WESTCHESTER COUNTY, N.Y. -- Westchester County garners the fame, and sometimes the disdain, of being home to head honchos.
In the world of athletics, that also means witnessing the storms of professional sports commissioners.
NFL Commissioner Roger Goodell, 55, of Bronxville is expected to be grilled under oath during federal hearings next week (Nov. 5-6) about his indefinite suspension of Baltimore Raven Ray Rice. The New Rochelle High School running back was arrested in February after being captured on security cameras dragging his fiancee, Janay Palmer of Mount Vernon, out of an Atlantic City casino elevator with a videotape later showing that Rice had punched Palmer inside the elevator.
Adam Silver, 52, a native of Rye, also is no stranger to controversy in professional sports. Last April, less than three months after succeeding David Stern of Scarsdale as NBA commissioner, Silver banned Los Angeles Clippers owner Donald Sterling from professional basketball for life in response to racist comments made by Sterling.
But it's not all doom or gloom in pro sports circles.
Looking ahead to 2015, Tarrytown's Rob Manfred will take over for Bud Selig as the next commissioner of Major League Baseball. Manfred has something in common with National Hockey League Commissioner Gary Bettman, 62, who lives in not-so-faraway Queens. Both credit their interest in contract and labor negotiations to undergraduate studies at Cornell University's ILR school.
Manfred is a native of Rome, N.Y. Goodell was born in Jamestown, N.Y. Goodell was a three-sport star at Bronxville High School.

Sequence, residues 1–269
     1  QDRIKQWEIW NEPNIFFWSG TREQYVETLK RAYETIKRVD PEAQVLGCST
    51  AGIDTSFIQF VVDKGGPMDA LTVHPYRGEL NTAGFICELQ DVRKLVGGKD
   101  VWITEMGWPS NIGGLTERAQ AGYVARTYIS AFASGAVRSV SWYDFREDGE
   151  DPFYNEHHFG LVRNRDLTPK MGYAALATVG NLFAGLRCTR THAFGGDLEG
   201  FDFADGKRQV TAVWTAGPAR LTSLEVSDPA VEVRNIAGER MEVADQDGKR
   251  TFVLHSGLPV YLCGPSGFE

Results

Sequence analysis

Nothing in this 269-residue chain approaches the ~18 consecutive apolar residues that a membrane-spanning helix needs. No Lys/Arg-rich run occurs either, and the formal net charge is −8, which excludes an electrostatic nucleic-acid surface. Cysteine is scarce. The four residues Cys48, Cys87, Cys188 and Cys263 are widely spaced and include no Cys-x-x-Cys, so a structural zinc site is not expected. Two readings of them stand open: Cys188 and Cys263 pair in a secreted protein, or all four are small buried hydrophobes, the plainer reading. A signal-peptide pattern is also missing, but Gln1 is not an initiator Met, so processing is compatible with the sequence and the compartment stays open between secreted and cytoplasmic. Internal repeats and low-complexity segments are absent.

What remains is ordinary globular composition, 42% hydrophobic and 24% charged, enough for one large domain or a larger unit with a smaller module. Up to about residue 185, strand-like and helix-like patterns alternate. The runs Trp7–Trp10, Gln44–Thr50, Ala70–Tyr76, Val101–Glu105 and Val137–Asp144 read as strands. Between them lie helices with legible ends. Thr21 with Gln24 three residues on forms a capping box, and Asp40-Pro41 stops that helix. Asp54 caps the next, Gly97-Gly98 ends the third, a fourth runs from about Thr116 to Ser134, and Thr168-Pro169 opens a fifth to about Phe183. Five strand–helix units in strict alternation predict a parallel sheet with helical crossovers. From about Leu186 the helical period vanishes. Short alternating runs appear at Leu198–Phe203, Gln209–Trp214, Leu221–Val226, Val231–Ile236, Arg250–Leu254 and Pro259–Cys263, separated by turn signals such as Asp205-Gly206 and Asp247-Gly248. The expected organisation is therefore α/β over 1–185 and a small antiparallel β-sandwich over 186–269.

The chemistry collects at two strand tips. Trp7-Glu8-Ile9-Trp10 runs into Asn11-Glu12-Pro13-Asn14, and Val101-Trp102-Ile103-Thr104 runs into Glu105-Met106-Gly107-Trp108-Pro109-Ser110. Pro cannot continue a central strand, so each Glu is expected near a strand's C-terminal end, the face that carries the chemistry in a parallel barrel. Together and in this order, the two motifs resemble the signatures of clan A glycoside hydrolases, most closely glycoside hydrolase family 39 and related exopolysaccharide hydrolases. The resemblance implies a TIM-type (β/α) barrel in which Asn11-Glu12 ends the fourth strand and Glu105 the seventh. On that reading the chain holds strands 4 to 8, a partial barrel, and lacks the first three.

Silver was class president at Rye High School, a member of its cross country team and editor-in-chief of the Garnet & Black newspaper. He's also run two New York City marathons.
In a profile of Silver in "Sports Illustrated,'' high school friends recalled spending time with Silver at Rye Nature Center and Playland Market, where his mother opened a charge account for him. Silver would watch Muhammad Ali fights at a New Rochelle theater.
Silver's mother, Melba, was a well-liked educator, environmentalist and activist in Rye. She was among the loudest critics of New York City developer Robert Moses’ proposal to build a bridge linking Long Island's Oyster Bay with Rye's waterfront.
Adam, the youngest of four Silver children, helped protest locally by wearing “Ban the Bridge” buttons to elementary school. He saw his mom on television and rejoiced with his family after helping sink plans for the bridge, according to SI.
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